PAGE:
“Real-time data show that the country remains offline as of Friday morning 9:00 a.m. local time,” Netblocks added. The blockade has impacted the release of COVID-19 statistics which prior to July 1 were released on a daily basis.

July 3: Spokesperson for the UN High Commissioner for Human Rights: Rupert Colville

We are deeply concerned at violent events in Ethiopia this week where a prominent singer and activist from Oromia Region, Hachalu Hundessa, was shot and killed in the capital, Addis Ababa on Monday.

The killing of Hundessa sparked protests across the country, including in the capital and in Oromia Region. While some of the protests were peaceful, a number were violent from the outset. According to information we have received, roads were reported to be blocked in most parts of Oromia Region and buildings vandalised and burnt, while there was gunfire and bomb explosions in Addis Ababa.

The authorities responded to the spread of the protests by shutting down the Internet in Oromia Region, as well as in Addis Ababa, making it extremely difficult to verify reports about the number of people killed and injured. According to the Government, around 50 people were killed, while media sources indicated some 80 people had died, including three members of the security forces.

We note with concern that the protests following Hundessa’s killing have increasingly taken on an ethnic undertone. We therefore call on all, including young people, to stop carrying out ethnically-motivated attacks and to stop inciting to violence, acts that only serve to exacerbate underlying tensions.

We also urge the security forces to exercise restraint when managing protests and to refrain from using unnecessary or disproportionate force.

Thirty-five people were reported to have been arrested by security forces on Tuesday evening during a protest over the location of Hundessa’s funeral. According to the police, the protesters, who wanted the singer to be buried in Addis Ababa, unsuccessfully tried to prevent his body being taken to his hometown of Ambo. His funeral went ahead in Ambo on Thursday.

The shutting down of Internet services is of particular concern as it disproportionately restricts the enjoyment of the right to freedom of expression, including freedom to seek, receive and impart information and risks further exacerbating tensions. We urge the authorities to restore Internet access without further delay.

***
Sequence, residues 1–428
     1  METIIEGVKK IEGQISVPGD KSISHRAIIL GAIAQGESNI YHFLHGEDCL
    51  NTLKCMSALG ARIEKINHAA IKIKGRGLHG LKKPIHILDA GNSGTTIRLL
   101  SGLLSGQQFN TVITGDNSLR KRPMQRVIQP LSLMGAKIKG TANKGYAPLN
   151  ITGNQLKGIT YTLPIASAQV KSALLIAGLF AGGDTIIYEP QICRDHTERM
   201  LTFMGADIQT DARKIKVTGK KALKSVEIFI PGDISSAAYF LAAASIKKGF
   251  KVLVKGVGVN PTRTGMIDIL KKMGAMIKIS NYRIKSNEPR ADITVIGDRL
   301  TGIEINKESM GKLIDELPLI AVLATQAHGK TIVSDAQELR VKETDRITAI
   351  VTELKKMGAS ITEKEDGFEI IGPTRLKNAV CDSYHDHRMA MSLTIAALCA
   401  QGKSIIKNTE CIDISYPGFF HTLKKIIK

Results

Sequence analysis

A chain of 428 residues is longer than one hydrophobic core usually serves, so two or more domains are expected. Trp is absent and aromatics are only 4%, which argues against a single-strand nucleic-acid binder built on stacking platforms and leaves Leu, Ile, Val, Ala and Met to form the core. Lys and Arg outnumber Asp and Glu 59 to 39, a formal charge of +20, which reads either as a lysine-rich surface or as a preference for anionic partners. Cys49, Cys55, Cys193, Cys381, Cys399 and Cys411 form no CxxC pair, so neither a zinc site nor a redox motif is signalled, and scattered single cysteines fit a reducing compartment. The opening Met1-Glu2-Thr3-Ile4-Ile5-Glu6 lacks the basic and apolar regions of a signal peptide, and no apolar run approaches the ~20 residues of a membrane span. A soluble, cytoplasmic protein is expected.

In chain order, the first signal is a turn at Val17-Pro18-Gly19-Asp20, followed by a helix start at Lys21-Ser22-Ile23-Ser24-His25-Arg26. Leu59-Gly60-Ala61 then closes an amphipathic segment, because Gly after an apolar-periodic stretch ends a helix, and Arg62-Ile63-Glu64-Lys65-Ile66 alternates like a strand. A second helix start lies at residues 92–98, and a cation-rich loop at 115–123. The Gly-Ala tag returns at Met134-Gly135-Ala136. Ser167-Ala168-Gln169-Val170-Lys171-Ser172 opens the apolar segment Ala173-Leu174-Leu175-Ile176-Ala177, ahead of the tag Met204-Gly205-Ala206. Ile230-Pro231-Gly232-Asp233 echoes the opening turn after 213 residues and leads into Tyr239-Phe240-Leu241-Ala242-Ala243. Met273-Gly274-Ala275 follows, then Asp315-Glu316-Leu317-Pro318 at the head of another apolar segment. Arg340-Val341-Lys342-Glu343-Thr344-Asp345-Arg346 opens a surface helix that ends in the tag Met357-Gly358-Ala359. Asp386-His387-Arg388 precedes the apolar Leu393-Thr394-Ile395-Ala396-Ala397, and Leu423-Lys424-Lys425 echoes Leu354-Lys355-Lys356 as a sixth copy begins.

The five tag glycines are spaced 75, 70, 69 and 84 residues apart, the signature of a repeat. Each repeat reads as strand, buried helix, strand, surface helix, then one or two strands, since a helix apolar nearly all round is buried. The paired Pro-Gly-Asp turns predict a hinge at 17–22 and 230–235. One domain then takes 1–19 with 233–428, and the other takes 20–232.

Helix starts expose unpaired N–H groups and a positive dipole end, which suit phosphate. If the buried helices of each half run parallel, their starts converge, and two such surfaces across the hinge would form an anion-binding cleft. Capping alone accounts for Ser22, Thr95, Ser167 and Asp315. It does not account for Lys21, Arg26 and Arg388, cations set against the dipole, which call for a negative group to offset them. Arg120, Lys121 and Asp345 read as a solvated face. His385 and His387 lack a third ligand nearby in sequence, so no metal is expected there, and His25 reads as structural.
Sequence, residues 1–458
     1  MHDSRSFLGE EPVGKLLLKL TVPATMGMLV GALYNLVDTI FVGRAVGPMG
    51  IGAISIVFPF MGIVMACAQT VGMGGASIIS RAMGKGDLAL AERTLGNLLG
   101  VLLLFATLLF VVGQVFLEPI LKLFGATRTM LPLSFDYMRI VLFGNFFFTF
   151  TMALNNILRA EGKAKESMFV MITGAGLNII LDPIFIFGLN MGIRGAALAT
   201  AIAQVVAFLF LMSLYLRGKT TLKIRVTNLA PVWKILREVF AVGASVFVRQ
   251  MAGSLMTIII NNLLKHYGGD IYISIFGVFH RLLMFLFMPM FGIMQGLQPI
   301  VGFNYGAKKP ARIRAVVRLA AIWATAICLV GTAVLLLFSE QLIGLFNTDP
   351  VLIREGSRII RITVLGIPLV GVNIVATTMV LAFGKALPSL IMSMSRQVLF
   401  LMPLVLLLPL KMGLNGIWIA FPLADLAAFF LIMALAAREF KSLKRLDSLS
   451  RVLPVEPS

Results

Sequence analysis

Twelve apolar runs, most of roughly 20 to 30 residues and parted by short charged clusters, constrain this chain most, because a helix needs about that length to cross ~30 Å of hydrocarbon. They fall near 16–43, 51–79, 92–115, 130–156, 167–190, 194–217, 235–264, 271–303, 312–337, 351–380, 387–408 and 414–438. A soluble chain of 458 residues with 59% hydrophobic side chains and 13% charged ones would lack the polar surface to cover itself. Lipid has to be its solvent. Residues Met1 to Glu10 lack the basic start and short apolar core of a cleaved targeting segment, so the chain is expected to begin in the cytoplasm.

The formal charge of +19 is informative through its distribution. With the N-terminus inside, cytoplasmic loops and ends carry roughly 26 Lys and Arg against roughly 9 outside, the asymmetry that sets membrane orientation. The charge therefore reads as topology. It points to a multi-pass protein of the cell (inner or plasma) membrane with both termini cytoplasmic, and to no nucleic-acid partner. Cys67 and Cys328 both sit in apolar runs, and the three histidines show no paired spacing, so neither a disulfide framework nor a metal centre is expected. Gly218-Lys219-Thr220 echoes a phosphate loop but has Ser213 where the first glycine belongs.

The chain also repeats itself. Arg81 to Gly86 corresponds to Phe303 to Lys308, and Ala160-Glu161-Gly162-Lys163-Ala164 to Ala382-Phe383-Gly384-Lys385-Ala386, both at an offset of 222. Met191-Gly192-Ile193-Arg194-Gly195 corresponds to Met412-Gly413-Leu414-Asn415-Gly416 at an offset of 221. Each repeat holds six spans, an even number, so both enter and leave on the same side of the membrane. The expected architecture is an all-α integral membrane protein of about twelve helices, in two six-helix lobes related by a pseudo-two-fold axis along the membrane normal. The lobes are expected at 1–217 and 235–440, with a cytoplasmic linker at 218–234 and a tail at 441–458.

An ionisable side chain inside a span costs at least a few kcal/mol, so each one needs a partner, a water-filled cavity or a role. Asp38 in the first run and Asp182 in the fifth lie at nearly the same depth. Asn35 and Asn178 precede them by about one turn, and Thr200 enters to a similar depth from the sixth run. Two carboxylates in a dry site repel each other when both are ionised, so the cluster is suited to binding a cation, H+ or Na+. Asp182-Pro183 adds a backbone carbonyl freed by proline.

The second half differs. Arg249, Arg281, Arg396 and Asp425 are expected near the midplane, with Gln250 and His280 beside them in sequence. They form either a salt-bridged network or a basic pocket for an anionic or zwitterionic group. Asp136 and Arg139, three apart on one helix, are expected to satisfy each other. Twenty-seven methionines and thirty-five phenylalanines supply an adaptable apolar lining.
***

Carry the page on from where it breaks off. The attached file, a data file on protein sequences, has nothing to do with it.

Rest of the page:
The authorities have announced that suspects in Hachalu Hundessa’s murder have been arrested. It is essential that there is a prompt, thorough, independent, impartial and transparent investigation into his death to ensure those responsible are held accountable. The victims and their families have the right to justice, the truth and reparations.

We also stand ready to provide support to the Ethiopian Human Rights Commission in its investigation of potential human rights violations during these violent events.

Jawar, Eskinder appear before court

Addis offices of three TV channels accused of instigating ethnic tensions and attacks have been shut even though they continue broadcast from other studios; the three are: Asrat, Oromia Media Network, OMN; and Dimsti Woyane.

OMN owner Jawar Mohammed who was arrested on Tuesday appeared before a court on Thursday. The court adjourned with Jawar to reappear on July 16. Bekele Garba who was arrested with him is due to reappear on July 13. Over 30 other people are in custody.

State broadcaster EBC also quoted an official of the Federal Attorney General office as confirming that journalist Eskinder Nega was arrested on suspicion of “instigating chaos,” he is accused of dispatching groups of youth with the aim to create chaos.

Jawar is currently an opposition politician with the Oromo Federalist Congress, OFC, whiles Eskinder is leading member of National Movement of Amhara (NaMA) and Balderas for Genuine Democracy.

Meanwhile in the eastern city of Diredawa, where two people were killed in the aftermath of the musician’s killing, the police say they have arrested more than 270 people in connection with the violence, the BBC report added.

July 2: The Chairperson of the African Union Commission appeals for calm in Ethiopia

The Chairperson of the African Union Commission, H.E Moussa Faki Mahamat is monitoring the recent developments in Ethiopia closely, following the killing of the Ethiopian Artist and musician Haacaalu Hundeessaa. The violence has claimed many lives so far with scores of people injured.

The Chairperson wishes to extend his heartfelt condolences to the bereaved families and wishes the injured a speedy recovery.

While the country mourns the loss Hachalu Hundesa, the Chairperson appeals for calm, restraint by all sides and calls on all Ethiopians to refrain from acts that could further escalate the current situation.

The Chairperson calls on the Government of Ethiopia to bring the perpetrators of such heinous act to face justice and encourages all sides to resolve differences through dialogue and peaceful means in order to allow adequate efforts towards preventing and controlling the COVID-19 pandemic.

The Chairperson of the Commission reaffirms its support to the government and people of Ethiopia in their efforts to promote a stable, peaceful and prosperous country